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Month: November 2014

Rivers and swarms: how metaphor fuels anti-immigrant feeling

By Caryl Thompson 

In a recent interview with Sky News, the UK defence secretary, Michael Fallon, described British towns and communities as “swamped” by migrants, a controversial phrase he was later forced to retract. And while it’s easy enough to dismiss this as a sad glimpse into a politician’s personal views, Fallon’s language fits right into a rhetorical war that’s been waged on immigrants for decades.

The language used by politicians to depict migrants obviously influences public opinion – which, as surveys suggest, currently demonstrates high levels of opposition to immigration even though public perceptions of immigration figures are often inaccurate and exaggerated.

Russia resurgent? Russian military performance in Crimea and its implications on Western defence requirements

By Bettina Renz

Russia’s annexation of Crimea and subsequent developments in East Ukraine prompted much speculation in the West about Russia’s ‘new military prowess’. Many analysts and decision makers, including in NATO, concluded that modernisation efforts over the past few years had transformed the Russian military into a force that now posed a real threat to European and transatlantic security. Serious discussions are already underway about what this might mean for Europe’s and NATO’s future defence capabilities and requirements. There seems to be much agreement that Russia’s new-found military strength needs to be met with more military spending in the West. Sweden has announced an increase in its defence budget in response to the Ukraine crisis. This will include the expansion of its fighter jet fleet from 60 to 70 aircraft as well as the procurement of two new submarines. A UK Parliamentary Defence Committee report concluded that events in Crimea and Ukraine were a ‘game changer for UK defence policy [that] provoked a fundamental re-assessment of both the prioritisation of threats in the National Security Strategy and military capabilities required by the UK’. Is this a realistic assessment? What can the conflict in Ukraine really tell us about Russian conventional warfighting capabilities?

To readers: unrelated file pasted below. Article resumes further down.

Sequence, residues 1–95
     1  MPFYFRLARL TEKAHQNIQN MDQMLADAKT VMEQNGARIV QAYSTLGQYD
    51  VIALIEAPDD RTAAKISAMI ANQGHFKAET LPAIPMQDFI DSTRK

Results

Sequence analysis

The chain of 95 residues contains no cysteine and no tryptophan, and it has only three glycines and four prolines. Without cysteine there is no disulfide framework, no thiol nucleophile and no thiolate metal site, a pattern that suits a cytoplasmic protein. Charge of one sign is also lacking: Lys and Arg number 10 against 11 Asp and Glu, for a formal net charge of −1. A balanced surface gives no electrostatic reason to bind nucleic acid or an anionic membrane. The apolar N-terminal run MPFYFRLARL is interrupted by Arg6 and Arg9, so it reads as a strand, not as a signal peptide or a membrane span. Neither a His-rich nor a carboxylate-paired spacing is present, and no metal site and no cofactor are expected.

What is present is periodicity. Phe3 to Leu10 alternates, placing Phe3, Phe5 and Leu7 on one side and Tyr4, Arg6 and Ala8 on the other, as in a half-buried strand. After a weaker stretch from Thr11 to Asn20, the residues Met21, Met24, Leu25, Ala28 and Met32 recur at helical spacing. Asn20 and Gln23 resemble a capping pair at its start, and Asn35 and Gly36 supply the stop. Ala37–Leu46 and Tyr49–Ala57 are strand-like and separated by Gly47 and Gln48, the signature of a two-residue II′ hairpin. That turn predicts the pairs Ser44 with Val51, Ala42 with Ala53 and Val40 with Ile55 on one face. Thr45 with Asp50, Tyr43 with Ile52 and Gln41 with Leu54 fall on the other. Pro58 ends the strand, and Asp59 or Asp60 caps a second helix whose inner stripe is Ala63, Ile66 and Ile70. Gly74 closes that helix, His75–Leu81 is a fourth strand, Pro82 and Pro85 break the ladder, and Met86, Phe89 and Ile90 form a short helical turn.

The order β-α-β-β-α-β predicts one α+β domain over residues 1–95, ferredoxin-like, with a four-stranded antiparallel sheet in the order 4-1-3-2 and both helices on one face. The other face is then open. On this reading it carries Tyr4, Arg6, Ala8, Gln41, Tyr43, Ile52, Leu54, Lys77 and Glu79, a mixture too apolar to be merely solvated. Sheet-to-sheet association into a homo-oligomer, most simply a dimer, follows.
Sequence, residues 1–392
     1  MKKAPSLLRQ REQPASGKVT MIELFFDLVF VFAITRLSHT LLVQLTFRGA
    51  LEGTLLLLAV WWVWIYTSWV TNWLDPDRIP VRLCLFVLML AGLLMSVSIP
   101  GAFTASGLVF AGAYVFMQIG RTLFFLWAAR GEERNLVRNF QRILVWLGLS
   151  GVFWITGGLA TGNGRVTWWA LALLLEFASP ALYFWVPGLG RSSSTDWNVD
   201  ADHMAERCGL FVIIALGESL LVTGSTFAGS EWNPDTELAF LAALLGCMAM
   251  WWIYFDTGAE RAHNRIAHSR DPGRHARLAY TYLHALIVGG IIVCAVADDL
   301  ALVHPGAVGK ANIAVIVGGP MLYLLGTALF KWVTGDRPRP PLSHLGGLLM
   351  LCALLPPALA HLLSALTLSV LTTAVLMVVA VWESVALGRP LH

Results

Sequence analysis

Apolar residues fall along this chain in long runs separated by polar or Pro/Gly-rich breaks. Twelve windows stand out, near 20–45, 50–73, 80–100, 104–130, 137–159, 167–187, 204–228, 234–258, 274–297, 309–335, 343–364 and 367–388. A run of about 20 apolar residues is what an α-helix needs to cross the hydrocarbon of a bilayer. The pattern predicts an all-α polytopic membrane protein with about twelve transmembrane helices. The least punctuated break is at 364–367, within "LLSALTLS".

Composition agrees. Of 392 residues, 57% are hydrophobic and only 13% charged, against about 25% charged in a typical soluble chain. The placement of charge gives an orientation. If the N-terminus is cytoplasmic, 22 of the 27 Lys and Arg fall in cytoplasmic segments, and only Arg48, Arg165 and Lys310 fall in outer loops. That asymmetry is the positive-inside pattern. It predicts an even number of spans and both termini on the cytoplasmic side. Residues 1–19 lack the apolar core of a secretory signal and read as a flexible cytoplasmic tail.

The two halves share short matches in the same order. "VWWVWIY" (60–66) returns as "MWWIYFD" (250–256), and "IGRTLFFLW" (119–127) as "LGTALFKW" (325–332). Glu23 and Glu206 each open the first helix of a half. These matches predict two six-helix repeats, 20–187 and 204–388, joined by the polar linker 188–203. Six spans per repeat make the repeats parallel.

Pinpricks: MI6’s Approach to Covert Action in the Early Cold War

By Rory Cormac

Covert action represents the shadowy underbelly of international relations. It encompasses the dark arts of foreign policy; a key asset, but rarely acknowledged.

Covert action is a state’s intervention in the affairs of another in a plausibly deniable manner, including through propaganda, paramilitary, and subversive political activity. Unlike espionage, covert action is active and seeks to shape events itself. It seeks to elicit change in the behaviour of a target.

Out of the Hornet’s Nest: Legacies of the War in Afghanistan

By Andrew Mumford

On Sunday 26th October British combat operations in Afghanistan officially ended, as Camp Bastion, the last British military base in the country was handed over to Afghan forces. It was fittingly symbolic that only an American general spoke at the flag-lowering ceremony. No British voice was heard. This 13 year-old war had proven to be one of the most complex and protracted wars in modern British military history. The lack of fanfare at the return of British combat troops is a sign that a convincing ‘mission accomplished’ in Afghanistan cannot be claimed. In many ways, for the British and their American allies, this was always going to be an unwinnable war.